Do you feel burnt out? These are the four questions to ask yourself to find out


More people are suffering the effects of burnout than ever before.

And now the Practitioner Health Programme has revealed the four questions you need to ask yourself to found out if you’re a victim. 

It is such a pressing issue that the World Health Organisation has officially labelled it as an ‘occupational phenomenon’ to better reflect that it’s a syndrome caused by chronic stress.

Burnout will become globally recognised in 2022, giving healthcare providers and the ability to treat it.  

With a society that is constantly ‘on’ thanks to the internet and mobile phones, it’s becoming harder and harder for people to switch off.  

If you think you might be suffering burnout you need to ask yourself certain questions, like whether anyone has asked you to cut down your work, or if you are feeling angry or resentful about your daily tasks. 

The questions, which are listed below, are designed to help you recognise and identify early signs of burnout so that you can begin to reverse the effects, and avoid further setbacks in the future.

The British Medical Association (BMA) has also developed an online questionnaire for medical practitioners that helps them to determine whether they are feeling any of the symptoms associated with burnout. 

This includes a series of statements about your day-to-day moods and feelings, which can be answered using four options: ‘strongly agree’, ‘agree’, ‘disagree’, and ‘strongly disagree’. 

It features varying statements such as, ‘I find my work to be a positive challenge,’ and ‘During my work, I often feel emotionally drained.’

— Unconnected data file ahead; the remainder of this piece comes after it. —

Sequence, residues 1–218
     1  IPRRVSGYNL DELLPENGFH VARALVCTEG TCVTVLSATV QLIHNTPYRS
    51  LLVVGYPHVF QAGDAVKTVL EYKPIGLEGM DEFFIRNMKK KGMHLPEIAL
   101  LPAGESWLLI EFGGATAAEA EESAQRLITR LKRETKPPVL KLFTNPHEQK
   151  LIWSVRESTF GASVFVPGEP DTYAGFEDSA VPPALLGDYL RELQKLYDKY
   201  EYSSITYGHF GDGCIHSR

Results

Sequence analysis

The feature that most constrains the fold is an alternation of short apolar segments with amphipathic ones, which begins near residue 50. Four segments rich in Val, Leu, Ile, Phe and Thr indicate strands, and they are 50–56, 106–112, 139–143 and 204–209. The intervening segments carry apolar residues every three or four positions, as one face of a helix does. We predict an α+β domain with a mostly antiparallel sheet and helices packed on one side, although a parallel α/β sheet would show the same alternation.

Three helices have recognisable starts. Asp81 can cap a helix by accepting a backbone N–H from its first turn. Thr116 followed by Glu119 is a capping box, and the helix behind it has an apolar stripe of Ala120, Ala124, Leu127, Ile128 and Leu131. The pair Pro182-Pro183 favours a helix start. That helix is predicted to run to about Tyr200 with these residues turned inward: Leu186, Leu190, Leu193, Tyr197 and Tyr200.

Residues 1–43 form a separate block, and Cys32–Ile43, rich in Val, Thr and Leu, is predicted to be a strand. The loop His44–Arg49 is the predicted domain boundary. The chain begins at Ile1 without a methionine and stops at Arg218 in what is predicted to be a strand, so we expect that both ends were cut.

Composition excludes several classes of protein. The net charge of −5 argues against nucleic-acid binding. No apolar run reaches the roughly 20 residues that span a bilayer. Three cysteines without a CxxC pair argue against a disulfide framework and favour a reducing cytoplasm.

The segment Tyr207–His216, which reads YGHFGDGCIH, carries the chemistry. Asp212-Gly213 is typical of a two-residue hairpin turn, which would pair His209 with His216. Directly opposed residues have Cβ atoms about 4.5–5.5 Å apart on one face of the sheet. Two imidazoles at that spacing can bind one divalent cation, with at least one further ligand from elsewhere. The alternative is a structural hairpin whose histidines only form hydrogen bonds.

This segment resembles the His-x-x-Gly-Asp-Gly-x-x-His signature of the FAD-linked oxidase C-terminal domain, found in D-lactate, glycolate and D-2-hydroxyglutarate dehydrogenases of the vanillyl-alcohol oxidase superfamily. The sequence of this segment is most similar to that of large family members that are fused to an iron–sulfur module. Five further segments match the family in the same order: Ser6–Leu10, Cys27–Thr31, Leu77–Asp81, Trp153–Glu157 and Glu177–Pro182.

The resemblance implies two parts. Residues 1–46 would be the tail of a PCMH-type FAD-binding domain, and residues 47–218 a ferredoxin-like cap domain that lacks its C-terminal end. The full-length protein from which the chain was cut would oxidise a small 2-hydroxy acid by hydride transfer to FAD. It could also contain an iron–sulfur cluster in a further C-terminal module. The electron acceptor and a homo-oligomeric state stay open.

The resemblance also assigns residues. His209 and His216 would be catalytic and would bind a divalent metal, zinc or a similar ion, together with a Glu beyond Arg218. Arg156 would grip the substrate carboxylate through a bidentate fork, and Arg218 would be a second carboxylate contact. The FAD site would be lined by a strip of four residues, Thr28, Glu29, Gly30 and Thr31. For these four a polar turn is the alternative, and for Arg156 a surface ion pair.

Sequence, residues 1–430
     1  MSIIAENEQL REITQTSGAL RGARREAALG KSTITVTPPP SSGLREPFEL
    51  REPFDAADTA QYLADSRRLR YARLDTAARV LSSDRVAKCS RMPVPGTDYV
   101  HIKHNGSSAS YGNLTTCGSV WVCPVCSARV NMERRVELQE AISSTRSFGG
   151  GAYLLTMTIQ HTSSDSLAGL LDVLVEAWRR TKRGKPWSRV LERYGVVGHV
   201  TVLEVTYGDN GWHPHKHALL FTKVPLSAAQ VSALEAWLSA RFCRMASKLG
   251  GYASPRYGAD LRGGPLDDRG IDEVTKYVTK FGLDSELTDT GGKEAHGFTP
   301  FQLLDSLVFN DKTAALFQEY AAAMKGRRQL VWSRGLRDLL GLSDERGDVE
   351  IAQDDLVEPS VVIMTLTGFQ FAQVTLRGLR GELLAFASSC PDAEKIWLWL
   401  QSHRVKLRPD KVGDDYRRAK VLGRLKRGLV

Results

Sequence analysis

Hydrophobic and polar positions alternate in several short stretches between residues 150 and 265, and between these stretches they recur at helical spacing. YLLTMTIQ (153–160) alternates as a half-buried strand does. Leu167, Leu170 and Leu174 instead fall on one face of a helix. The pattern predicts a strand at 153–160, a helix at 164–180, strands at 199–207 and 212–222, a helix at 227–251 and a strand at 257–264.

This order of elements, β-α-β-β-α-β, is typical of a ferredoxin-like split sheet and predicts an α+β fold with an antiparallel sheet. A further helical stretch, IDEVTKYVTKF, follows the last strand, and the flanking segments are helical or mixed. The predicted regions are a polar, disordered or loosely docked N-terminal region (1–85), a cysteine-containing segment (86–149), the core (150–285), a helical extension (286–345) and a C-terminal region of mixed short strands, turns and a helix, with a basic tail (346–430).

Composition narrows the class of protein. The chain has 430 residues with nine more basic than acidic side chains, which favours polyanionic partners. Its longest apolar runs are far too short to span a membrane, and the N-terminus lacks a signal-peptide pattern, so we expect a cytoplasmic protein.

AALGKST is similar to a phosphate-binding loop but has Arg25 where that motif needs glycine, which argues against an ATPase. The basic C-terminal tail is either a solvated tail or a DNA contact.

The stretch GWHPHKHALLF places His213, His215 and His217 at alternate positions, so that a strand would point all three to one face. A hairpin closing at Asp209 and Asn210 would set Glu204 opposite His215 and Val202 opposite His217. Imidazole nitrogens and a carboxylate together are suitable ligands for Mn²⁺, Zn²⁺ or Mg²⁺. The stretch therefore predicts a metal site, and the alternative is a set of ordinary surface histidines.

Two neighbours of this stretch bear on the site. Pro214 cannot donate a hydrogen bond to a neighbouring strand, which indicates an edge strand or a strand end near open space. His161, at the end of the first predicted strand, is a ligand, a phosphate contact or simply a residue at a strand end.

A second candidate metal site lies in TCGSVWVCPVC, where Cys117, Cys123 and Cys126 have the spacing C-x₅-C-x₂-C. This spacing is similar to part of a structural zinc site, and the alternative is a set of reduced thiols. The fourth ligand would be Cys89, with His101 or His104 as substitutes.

Other ways to know if you’re suffering from burnout is by paying attention to the newly listed symptoms – which are both physical and mental.

According to BJA Education, ‘physical symptoms may include non-cardiac chest pain, palpitations, shortness of breath, bowel upset, dizziness, and headaches’.  

Other symptoms include energy depletion or exhaustion and increased mental distance from one’s job or feelings of negativism or cynicism related to one’s job. 

It is important to also pay attention to whether you are experiencing reduced professional efficacy, as this is another sign that you could be heading towards a burnout. 

BJA Education also points out that there are differences between ‘stress’ and ‘burnout’, noting that – while the symptoms are similar – there are key things to look out for when trying to identify the condition. 

For example, a person who is stressed might find themselves suffering from a loss of energy, while also experiencing overactive emotions. Meanwhile, someone who is experiencing a burn out will likely deal with blunted emotions and a loss of motivation. 

Previously The Thinkergirls spoke to Australian doctor Sam Hay who discussed the three most common signs of burnout, which are similar.

‘A burn out is really common and I do start to see it more around this time of the year – this seasonal depression that you go through where people find that their mood does drop to the point of clinical depression through winter,’ Dr Hay said. 

According to Dr Hay, the first sign of a burn out is poor sleep, the second is a lack of motivation and concentration in the workplace and the third is a short temper.  


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